“Fabuleux/Fabulous” is a 2008 physical interface game that was collaboratively developed between Heather Kelley, Lynn Hughes, Alain Thibault, and Geoffrey Jones, which connects the physical and digital environment. Users use a soft ball, the “squisher”,which can be moved around to find hotspots in the physical space and used to draw on the screen. Over all, I highly admire how this is taking a very out-of-the-box approach, still giving freedom to the user to interact however they want with the interface. The fact that the developers chose to use a wall rather than an app already makes this project stand out from most.
Kelley is an accomplished woman in the gaming and interaction design field. She mainly focuses on gameplay, sound, smell, taste, touch, and other sensory interactions. Additionally, she explores under appreciated fields in aesthetics in environments. In her education, she received her Masters at the University of Texas in Austin. Kelley afterwards was involved in a variety of organizations, including the UNFPA Electronic Game to End Gender Violence in Burlington, Vermont, where she was the creative director.
First off – I really appreciate this as a topic for the Looking Outwards post. Especially in an environment like CMU, I think it’s important we have ask questions and have dialogue about diversity and gender equity in tech fields.
For this post I chose to focus on Heather Dewey-Hagborg’s work, specifically her work with recreating portraits of people based on DNA samples. She first started creating these portraits with the project Stranger Visions . This process uses forensic phenotyping and seeks to question uses of biological surveillance. These portraits were then 3D printed in color. Beyond this project, she also critiques how crime technology is based on biases, seen through her article “Sci Fi Crime Drama with a Strong Black Lead”. I’m particularly interested in this sentence from the article:
“We tend to look at technical systems as neutral black boxes, but if you open them up and look at the component parts, you find that they reflect the assumptions and motivations of their designers. ”
This is especially poignant as I am learning to write code and learning about how technologies are created. We are humans with a unique set of personal experiences that we bring to our work and what we create. Oftentimes we gloss over subjects such as race, class and gender because they can be hard subjects to talk about. But if we choose to ignore these elements, we can create unjust systems, such as using DNA surveillance to reiterate stereotypes of criminals.
A project that caught my interest was the Pure Tension Pavilion made in Spring 2013 by Filipa Valente.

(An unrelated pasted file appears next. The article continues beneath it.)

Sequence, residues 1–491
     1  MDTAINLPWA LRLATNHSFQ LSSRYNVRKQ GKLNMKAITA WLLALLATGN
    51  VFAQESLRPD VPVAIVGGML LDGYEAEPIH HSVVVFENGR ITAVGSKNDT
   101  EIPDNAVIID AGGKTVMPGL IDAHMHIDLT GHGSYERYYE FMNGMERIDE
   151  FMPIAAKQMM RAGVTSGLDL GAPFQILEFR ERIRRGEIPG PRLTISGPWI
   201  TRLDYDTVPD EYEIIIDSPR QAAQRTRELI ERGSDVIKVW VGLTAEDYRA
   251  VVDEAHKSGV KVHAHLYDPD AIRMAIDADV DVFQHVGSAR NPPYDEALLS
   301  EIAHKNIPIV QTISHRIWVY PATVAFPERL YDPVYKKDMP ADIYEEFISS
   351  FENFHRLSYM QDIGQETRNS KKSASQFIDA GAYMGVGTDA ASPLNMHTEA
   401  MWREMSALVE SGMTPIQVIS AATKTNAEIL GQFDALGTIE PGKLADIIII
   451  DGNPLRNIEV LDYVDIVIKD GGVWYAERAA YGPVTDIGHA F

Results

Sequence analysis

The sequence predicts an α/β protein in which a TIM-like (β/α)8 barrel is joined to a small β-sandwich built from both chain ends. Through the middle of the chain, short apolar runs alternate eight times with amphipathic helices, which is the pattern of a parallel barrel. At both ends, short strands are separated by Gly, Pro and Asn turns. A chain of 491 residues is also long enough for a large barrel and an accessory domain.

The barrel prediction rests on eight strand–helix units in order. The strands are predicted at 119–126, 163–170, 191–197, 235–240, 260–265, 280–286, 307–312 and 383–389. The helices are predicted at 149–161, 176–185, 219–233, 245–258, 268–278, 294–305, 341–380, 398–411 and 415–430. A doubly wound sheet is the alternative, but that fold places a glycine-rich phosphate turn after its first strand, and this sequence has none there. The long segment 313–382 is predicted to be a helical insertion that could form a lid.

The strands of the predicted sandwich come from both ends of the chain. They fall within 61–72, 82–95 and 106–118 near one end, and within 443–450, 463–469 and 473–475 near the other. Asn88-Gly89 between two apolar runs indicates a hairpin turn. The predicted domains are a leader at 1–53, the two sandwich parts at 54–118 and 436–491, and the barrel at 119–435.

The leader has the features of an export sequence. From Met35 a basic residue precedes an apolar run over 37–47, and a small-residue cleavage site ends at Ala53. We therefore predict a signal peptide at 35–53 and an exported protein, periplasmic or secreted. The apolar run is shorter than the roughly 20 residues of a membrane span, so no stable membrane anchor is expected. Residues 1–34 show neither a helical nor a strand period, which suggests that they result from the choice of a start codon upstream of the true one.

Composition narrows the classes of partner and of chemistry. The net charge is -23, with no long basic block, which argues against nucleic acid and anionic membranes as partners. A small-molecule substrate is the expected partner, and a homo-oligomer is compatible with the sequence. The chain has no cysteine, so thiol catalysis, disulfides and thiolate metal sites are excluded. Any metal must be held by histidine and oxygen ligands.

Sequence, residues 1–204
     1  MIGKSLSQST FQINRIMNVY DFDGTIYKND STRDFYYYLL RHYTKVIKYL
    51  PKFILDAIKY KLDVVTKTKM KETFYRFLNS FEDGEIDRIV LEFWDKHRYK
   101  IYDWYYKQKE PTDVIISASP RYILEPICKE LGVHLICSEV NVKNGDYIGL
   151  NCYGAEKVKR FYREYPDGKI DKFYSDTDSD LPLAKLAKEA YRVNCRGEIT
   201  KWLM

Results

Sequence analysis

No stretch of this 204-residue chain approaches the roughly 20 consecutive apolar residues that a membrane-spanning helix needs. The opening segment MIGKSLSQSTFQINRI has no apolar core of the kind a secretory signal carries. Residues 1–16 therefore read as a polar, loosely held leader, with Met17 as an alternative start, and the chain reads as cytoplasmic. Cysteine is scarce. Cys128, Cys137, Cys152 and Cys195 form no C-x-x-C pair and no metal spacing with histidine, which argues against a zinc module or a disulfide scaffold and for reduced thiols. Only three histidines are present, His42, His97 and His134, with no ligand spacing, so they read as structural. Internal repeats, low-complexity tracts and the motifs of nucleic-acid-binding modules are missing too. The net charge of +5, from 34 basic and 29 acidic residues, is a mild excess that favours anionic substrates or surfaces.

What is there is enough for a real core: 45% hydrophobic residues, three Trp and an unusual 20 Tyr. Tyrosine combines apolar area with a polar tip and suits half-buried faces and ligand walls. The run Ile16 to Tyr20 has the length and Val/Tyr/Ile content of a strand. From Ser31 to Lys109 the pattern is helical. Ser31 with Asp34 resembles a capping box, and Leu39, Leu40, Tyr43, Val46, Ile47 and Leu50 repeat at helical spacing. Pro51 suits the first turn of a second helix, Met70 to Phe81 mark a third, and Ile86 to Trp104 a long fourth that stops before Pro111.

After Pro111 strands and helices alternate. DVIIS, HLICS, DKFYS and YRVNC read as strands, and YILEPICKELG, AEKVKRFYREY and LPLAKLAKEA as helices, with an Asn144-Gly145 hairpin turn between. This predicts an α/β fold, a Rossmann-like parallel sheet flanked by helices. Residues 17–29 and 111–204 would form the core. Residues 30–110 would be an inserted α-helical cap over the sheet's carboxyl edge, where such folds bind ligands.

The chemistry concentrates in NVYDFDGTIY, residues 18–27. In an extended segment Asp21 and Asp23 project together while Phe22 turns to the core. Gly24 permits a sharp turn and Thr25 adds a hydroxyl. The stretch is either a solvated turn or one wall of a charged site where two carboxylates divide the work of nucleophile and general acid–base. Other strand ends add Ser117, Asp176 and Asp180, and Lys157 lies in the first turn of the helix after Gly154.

Filipa Valente is a Portuguese architect and interactive artist from Los Angeles. She currently works in Architect SBA, where she utilizes her interactive art skills in architecture. She had been interested in her subject from space that surrounds people. From there, she believed that technology played a crucial part in connecting the said spaces to the surrounding environment. Many of her works were featured in many places and events, like the Architecture + Design Museum or the SKYLINE 2014 Festival.
As an architecture student, I was interested in her Pure Tension Pavilion. The goal was to create a structure that would showcase the V60 hybrid car by Volvo. It requires aesthetics, charging functionality, and portability. She not only applied graphics into shaping the pavilion, but she also did careful research of the relationships between the car and the project.
I enjoyed the combination of form and function working together to create a powerful connection between the architecture and the car. It is exciting to know that there are many ways to link on item to another.
Link by Mimi Son
How it was made:
Mimi Son is a designer, storyteller, professor, curator, and artistic director. She lives in Seoul Korea and studied Digital Media Art & Design and Interaction Design. As a co-founder of Kimchi and Chips, she creates installations that “aim to to depict an intersection of art and technology, material and immaterial, real and virtual, presence and absence.” She tries to articulate space and time from various perspectives.
Her project, Link (2010), is an interactive installation where people record stories into a cityscape of cardboard boxes. It was created for Design Korea as an interpretation of the theme, “Convergence.” They used low, everyday materials to communicate the convergence of complex, fast-moving technologies. The project works by having viewers come up to a kiosk to record memories.
What initially attracted me to the project was the concept. Even before I knew it was based off of the idea of convergence, I liked the way that it showed the individuals that compose a city. I liked the way it is a convergence of micro and macro in this way. Additionally, I admire the patterns and animations generated for the project. Since the project is created through projection mapping, they use light as a key aspect of the installation. Therefore, the patterns which are bright colors pop against the dark background.
Emily Gobeille is an award winning artist and designer, who has done a lot of work in interactive environments and installations. Being the creative director / partner at the firm Design I/O, she merges technology with design to create interactive installations. Among her many projects is funky forest, which is a simulation of an ecosystem, and invites users to participate in creating the design. Users can create trees using their own bodies and channel water towards these trees. A link to her work is:
Please Click here for a link to her work
I admire the breathtaking artwork the most in this creation. It is wondrously detailed, and the depth of colours used is amazing! I also enjoy the novel way in which she invites users to participate in, explore and impact her created environment.